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Author's profile photo Tom Van Doorslaer

UI5 – Nested routing with reusable components


When building large and complex UI5 apps, you will probably at some point start creating reusable components which you embed in a container app. The advantage of such a reusable component is that you can repeatedly use it in several apps. For most of the scenarios, the standard UI5 doco will suffice, until you need to have routing in a subcomponent, and deeplinks that you can share with colleagues.

So imagine you have a parent component with 2 routes, that each show their respective subcomponent:

  • project
  • reservation

And your reservation component has 2 routes:

  • list
  • detail

Scenario sounds simple enough, right?

The official way

The official UI5 doco requires you to specify the parent route in your subcomponent. That is for me a big nono, since the child component must be parent agnostic. Otherwise, it’s not really a reusable component, since it will only work in those parent components that are predefined.

Secondly, I tried that approach, and for some reason, if you simply copy paste the url to another session, the parent routing isn’t applied, since the router of the parent can’t match the full route (“reservation/detail/50”) to any of its own patterns.

In other words: the standard way just doesn’t cut it.


So I decided to take a different approach and play with wildcards.

I defined my parent routes as following:


*Notice the use of the “:child*:” parameter. It’s an optional wildcard that catches anything trailing the URL. This will ensure that “reservation/detail/50” is also considered as a valid reservation route by the parent router.

**you’ll also notice how I added ampersands to separate the parent part and the child part. This helps the router to distinguish the patterns if your child and parent component happen to have the same parameter names, or URL parts.

the childroutes are defined as following:

  "pattern": ":parent*:&/list",
  "name": "List",
  "target": ["List"]
  "pattern": ":parent*:&/Detail/{ResId}",
  "name": "Detail",
  "target": ["Detail"]
  "pattern": ":parent*:",
  "name": "home",
  "target": ["List"]

*Notice how this time, there is a leading wildcard for parent information. The last route contains only the parent wildcard, and is meant to show the default target (List). That way the URIs “reservation/” and “reservation/list” will both show the reservation list.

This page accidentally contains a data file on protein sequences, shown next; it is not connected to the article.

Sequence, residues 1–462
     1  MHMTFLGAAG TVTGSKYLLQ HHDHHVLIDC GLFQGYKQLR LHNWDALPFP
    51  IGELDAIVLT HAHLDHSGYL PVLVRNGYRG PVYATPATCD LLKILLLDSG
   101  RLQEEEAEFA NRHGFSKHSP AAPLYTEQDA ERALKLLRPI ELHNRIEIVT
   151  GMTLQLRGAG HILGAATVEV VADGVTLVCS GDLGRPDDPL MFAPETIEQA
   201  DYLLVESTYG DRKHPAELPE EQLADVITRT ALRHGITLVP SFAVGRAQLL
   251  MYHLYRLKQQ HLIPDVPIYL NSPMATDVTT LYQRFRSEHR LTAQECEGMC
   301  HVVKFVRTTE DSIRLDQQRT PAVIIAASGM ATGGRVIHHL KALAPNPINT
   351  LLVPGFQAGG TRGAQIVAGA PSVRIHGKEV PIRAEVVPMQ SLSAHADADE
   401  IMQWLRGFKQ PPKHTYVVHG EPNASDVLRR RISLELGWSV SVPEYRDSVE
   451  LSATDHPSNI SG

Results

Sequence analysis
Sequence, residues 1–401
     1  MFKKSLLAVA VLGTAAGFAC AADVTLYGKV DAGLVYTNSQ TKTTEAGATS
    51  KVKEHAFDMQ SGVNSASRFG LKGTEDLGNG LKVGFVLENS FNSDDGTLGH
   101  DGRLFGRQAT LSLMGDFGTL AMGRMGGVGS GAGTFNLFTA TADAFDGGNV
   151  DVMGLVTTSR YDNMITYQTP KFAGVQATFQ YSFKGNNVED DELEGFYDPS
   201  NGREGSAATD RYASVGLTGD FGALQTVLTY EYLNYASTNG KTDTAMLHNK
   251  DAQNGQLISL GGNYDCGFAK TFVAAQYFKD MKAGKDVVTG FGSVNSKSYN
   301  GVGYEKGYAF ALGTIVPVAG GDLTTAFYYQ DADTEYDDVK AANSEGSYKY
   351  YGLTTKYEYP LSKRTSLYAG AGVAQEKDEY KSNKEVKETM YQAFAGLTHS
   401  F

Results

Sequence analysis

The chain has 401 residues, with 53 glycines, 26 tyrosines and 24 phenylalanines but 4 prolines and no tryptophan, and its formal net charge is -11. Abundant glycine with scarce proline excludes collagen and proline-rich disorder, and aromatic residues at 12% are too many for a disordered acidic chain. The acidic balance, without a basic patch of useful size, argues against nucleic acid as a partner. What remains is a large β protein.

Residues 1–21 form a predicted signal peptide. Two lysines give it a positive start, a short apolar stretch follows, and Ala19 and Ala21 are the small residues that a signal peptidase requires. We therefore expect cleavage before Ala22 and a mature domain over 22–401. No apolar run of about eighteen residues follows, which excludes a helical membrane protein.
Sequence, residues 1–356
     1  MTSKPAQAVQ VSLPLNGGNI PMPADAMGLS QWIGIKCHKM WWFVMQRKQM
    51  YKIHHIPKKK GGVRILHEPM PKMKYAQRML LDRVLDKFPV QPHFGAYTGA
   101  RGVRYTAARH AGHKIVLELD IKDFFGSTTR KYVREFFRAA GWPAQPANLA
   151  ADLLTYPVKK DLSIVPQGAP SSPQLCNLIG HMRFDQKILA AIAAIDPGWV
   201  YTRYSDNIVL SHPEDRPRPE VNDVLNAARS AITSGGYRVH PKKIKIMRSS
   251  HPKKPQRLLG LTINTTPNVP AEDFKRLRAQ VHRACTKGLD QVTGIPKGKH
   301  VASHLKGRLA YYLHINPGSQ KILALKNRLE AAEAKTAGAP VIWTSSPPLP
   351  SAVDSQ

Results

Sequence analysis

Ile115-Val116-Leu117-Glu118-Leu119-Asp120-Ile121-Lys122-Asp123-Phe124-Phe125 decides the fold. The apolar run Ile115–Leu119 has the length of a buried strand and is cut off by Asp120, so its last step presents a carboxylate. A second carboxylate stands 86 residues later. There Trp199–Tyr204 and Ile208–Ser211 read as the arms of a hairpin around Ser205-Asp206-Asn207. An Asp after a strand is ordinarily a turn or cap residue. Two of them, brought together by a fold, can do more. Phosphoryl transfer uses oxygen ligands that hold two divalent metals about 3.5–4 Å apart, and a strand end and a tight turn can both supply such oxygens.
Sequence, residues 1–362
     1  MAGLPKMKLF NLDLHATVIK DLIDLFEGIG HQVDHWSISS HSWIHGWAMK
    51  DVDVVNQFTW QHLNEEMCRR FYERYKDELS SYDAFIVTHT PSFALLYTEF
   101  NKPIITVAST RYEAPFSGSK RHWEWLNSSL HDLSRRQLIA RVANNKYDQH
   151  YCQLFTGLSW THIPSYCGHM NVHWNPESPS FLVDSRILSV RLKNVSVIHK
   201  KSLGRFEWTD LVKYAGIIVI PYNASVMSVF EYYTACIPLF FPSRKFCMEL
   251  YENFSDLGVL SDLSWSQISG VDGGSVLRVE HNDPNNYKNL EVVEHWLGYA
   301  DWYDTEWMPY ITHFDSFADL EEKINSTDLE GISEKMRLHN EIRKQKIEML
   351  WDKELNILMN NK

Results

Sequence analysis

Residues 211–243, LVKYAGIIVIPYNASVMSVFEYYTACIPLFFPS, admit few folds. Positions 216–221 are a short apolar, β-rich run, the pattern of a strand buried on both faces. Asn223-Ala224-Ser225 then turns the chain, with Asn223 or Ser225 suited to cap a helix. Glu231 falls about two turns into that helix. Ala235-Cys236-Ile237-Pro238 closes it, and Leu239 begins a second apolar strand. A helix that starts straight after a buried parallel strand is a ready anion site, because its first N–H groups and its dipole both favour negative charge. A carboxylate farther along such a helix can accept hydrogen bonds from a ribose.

So this works perfect to recognize the URLs and show the right targets.

There is however still a catch. When you navigate internally in the reservation subcomponent, you may have a navto(“detail”,{ResId:50}) statement. This would replace the complete URL hash to “/detail/50”, which is not recognized by the parent component. So if you share that URL, it wouldn’t work, since the result in the app would be the project-list. In other words, we need to have a solution to automatically inject the parent, and child route-parts in the navigation parameters.

Fortunately, I inherit all my controllers from my own BaseController, in which I have some convenience methods. (like: getRouter, getModel etc…). So I just added a couple more convenience methods:

First of all, I defined an onRouteMatched handler that simply takes the navigation-parameters and keeps them in a simple variable. You can consider other options:

  • keep it in a settings-model
  • move everything to the component, and define a nice property on the component

To automatically consider the parent and child properties during navigation, I added another convenience method (navTo). That way, in your controller, you can just call

this.navTo("Detail", {ResId:50});

inside the navTo method, I combine the navRoute property (containing all parent and child parameters and anything else) and your specific parameters into a new resultParams object and pass that to the router.

*yes you could use jQuery.extend here, but I refuse to depend on jQuery.

**no you can’t use Object.assign, since it doesn’t cater for deep structure. Although theoretically, you wouldn’t have deep parameters in routing. But I already hacked that as well.


  • You don’t need to define the parent route in your child component, so you have true reuse. No matter where you use this child component, the routing will work
  • having a simple navTo method means you don’t have to worry about anything beneath the bonnet.
  • You can use parent and child routing in the same pattern, meaning you can have multi-level routing (Inception!)


  • you need to add parent, child wildcards in your route patterns…

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      Author's profile photo Robin Panneels
      Robin Panneels

      Nice find Tom!

      Author's profile photo Tom Van Doorslaer
      Tom Van Doorslaer
      Blog Post Author

      Oh snap, I built and tested this on UI5 1.60.8 and it worked fine.

      In UI5 1.65 however, apparently the ampersand separator "&" confuses the routing pattern matcher.

      I replaced it with a different separator "-" and now it's working again...

      So consider this when you want to use this approach.

      Author's profile photo Claude ROSSI
      Claude ROSSI


      Thanks for sharing this!

      The key statement here is:  "Child components must be parent agnostic".

      I'm still wondering why this is not taken into consideration in the various documentations that SAP and OpenUI5 provide.

      Thanks again.

      Author's profile photo Florian Vogt
      Florian Vogt

      Hi Tom,

      thanks a lot for your blogpost. In the meantime UI5 offers a new way of implementing and using nested components without knowing the parent inside the nested component.

      Further information can be found here:

      All the best,